Fine Gael name local candidate FINE Gael have selected Ellen O’Connor to run as a local election candidate for Dun Laoghaire. O’Connor, a secondyear history student in Trinity College Dublin, welcomed the Minister for Education Ruairi Quinn’s announcement recently that politics and society will be introduced as an optional Leaving Certificate subject. She said: “I believe that giving students a greater understanding about how our political system works will result in increased youth participation in politics, which is urgently needed. “My age group has been unfairly labelled as apathetic towards politics. Most young people have a strong opinion on political issues, such as employment and education.”


6 February 2014 DUN laoghaire Gazette 7

Community No plan for Kill O’The Grange Garda station – OPW

Methadone clinic fears downplayed  Bairbre Ni Bhraonain

THE former Kill O’The Grange Garda station has not yet been offered to any State body, including the HSE, hence no decision has been taken on any possible future use for it. This is according to the Office of Public Works (OPW), in response to comments made by Cllr Victor Boyhan (Ind) to The Gazette this week. Cllr Boyhan said: “Residents have contacted my office in recent weeks expressing serious concern about rumours circulating locally that the former Garda station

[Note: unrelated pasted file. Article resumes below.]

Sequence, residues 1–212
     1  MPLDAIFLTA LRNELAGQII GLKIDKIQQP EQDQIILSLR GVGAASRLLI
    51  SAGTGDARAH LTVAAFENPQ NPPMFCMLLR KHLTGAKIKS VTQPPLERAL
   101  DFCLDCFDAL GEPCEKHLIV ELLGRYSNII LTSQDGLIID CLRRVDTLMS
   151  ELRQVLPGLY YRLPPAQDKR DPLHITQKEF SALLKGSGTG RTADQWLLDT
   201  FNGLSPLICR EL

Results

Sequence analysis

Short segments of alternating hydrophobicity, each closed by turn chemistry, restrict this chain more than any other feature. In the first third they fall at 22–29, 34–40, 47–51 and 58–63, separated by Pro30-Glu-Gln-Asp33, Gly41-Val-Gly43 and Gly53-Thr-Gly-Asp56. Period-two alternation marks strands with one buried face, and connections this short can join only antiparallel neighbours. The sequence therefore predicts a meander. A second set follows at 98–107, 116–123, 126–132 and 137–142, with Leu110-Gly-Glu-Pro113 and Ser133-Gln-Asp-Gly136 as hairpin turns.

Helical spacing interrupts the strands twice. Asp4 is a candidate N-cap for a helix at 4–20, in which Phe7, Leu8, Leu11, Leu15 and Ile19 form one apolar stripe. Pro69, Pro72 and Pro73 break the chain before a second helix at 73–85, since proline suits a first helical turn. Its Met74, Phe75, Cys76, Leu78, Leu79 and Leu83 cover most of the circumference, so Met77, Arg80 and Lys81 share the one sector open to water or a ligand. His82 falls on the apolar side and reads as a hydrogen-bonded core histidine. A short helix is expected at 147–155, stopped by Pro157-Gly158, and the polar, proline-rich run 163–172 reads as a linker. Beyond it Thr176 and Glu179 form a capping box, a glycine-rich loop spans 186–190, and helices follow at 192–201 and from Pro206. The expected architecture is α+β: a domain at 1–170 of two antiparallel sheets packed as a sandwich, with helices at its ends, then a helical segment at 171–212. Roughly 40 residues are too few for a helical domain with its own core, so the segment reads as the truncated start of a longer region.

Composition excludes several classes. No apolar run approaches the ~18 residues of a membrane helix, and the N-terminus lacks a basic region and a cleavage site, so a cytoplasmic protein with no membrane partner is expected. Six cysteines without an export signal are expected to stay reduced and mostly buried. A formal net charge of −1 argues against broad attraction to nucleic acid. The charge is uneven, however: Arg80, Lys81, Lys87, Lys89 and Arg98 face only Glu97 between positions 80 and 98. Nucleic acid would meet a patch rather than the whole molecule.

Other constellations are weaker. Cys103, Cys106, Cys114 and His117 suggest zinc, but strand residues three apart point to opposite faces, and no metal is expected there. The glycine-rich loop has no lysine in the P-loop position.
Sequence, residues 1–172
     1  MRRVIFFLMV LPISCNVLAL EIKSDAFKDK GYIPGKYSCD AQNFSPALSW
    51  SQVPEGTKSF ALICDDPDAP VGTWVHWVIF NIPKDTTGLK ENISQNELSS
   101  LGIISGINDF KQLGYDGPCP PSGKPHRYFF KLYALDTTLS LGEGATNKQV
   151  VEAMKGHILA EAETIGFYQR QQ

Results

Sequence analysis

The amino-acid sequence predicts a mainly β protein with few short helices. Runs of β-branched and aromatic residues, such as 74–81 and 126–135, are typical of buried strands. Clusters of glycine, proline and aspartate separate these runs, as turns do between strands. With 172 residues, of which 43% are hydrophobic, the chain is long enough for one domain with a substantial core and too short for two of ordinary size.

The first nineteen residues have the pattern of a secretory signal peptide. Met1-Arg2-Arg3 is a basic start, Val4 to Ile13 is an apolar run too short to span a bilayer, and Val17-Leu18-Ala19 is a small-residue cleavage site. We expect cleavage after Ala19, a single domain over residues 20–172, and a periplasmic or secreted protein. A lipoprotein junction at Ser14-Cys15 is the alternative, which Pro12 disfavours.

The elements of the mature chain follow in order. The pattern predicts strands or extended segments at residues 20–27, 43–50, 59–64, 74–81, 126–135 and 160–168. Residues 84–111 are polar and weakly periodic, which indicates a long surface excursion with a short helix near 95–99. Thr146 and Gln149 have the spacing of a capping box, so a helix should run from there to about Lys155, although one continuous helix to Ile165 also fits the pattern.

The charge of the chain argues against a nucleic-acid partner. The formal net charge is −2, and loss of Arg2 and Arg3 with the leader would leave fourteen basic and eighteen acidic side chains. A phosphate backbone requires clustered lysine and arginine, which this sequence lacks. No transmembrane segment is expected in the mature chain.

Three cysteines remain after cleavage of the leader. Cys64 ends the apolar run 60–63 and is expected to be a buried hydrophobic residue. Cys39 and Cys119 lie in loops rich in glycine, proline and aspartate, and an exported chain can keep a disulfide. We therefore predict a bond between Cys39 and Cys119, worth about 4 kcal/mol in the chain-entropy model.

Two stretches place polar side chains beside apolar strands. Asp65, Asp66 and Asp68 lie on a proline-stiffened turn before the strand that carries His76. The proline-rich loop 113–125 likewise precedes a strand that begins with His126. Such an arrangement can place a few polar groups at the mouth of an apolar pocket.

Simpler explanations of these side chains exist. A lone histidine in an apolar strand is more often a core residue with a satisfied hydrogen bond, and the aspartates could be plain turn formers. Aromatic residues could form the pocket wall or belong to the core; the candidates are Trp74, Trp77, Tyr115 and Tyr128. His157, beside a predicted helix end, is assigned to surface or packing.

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has been identified for a methadone clinic. “This location is totally unsuitable for such a project and will be strongly opposed to by the local community.” He has written to Brian Hayes, Minister of State for Public Service Reform and the OPW, asking for a confirmation or denial of the rumours. Writing to Minister Hayes, Cllr Boyhan said: “In recent weeks, rumours have started to circulate that the HSE is considering the former Garda station as a methadone centre. This suggestion has caused wide concern amongst the residential

community in the area. “The general view is the old station should be made available for community use. Indeed, I made representations to your office on behalf of the scouts and, to date, they have not had a favourable response. “I would be grateful if you would confirm what is your Department’s intention in relation to this former station.” Speaking about the local concerns about a methadone clinic, Cllr Denis O’Callaghan (Lab) said: “I haven’t heard any rumours to this effect; neither have I heard from the HSE Dublin-Mid

Leinster [section] that they have any plans [for the station].” A spokesperson from the OPW said: “The stated policy for closed Garda stations is to identify if other State bodies, including Government Departments and the wider public sector, has a use for the property. “If no State requirement is identified, or if a decision is taken not to dispose of a particular property, the OPW will consider community involvement, subject to the receipt of an appropriate business case that would indicate that the community/voluntary